Dorothy Day was born in 1897 and died in 1980. She was an American Catholic social activist. Dorothy Day lived a life of radical commitment to the gospel. As a convert to Catholicism, she loved the church deeply but challenged the church to take its own message seriously. Her spirit of nonviolence and care for the poorest of the poor led her from involvement in socialism to the development of her own particular form of radical Catholicism. Her vision induced her to found the Catholic Worker movement, which survives to this day in over 120 communities across the United States.
Born in a journalist home, Day followed her father and became a journalist herself, working for several radical papers, especially The Liberator. After several affairs, an abortion, and a brief marriage, Dorothy found herself pregnant again and decided to keep the child, a daughter, Tamar, born in 1927. Motherhood caused Dorothy to think seriously about religion. Tamar was baptized over the objections of the child's atheist father. When Dorothy was baptized as a Roman Catholic later that year, the father left her. In 1933 she joined with Peter Maurin, a Christian Brother, and together they became a team for social change. Beginning with the newspaper The Catholic Worker, they moved on to found Houses of Hospitality where those who needed a place to stay were welcome. Although they began in the Hell's Kitchen area of New York City, these houses were established in many cities, nearly always in the poorest areas.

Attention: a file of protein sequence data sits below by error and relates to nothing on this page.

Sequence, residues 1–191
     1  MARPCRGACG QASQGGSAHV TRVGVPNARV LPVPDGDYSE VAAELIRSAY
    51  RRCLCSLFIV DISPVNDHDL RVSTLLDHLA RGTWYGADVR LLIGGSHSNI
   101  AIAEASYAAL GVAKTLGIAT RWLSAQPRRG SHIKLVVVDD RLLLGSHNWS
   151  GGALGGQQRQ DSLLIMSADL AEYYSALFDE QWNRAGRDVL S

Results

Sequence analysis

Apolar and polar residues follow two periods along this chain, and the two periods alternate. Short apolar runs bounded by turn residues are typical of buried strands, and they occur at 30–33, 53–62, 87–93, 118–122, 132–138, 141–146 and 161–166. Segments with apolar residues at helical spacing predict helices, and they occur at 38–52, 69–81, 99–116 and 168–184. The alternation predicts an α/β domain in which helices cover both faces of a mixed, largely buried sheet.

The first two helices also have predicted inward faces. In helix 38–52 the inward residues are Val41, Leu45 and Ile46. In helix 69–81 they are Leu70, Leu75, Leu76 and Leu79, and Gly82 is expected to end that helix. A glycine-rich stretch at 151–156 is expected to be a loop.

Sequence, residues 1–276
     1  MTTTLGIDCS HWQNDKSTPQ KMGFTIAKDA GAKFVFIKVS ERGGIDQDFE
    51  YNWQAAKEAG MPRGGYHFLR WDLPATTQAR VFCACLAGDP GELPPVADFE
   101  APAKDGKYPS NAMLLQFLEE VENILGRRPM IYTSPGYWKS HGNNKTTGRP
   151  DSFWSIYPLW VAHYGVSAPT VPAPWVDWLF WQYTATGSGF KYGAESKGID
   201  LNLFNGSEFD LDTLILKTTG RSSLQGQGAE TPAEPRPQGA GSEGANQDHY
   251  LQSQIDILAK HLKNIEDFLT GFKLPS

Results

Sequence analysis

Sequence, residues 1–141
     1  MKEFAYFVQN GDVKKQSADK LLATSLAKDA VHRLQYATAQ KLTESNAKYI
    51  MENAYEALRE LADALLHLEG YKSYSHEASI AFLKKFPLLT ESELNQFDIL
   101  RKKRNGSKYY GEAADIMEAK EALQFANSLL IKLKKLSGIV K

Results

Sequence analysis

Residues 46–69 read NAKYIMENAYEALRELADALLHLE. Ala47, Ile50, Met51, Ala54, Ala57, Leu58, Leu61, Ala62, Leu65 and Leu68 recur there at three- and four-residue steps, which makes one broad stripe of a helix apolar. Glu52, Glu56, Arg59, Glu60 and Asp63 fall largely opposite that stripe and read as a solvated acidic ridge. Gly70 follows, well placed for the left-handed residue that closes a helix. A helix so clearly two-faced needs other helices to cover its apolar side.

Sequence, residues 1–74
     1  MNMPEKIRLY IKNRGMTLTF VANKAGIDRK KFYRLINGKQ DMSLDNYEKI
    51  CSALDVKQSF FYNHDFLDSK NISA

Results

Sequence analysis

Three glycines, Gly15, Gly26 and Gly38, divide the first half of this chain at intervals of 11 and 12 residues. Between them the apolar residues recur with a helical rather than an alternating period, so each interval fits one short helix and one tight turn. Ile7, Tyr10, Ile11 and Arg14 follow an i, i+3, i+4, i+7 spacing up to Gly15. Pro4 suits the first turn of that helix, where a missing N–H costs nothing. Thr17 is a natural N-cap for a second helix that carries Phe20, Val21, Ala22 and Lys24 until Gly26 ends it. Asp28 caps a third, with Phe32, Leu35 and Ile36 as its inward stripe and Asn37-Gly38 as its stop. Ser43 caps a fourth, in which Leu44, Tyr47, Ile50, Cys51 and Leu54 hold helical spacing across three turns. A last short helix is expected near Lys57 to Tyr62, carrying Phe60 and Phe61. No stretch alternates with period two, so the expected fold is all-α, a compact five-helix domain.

Faith was a constant struggle for her, and while she titled her autobiography The Long Loneliness, she was haunted by God from childhood until her death.
[Excerpted with permission from the entry on Dorothy Day by Howard L. Rice The Upper Room Dictionary of Christian Spiritual Formation, edited by Keith Beasley-Topliffe. Copyright © 2003 by Upper Room Books®. All rights reserved.]
Image is detail of Photo Taken by Vivian Cherry (born 1920). From Women Of Our Time: Twentieth-Century Photographs from the National Portrait Gallery, George Bush Presidential Library. Administered by the United States National Archives and Records Administration.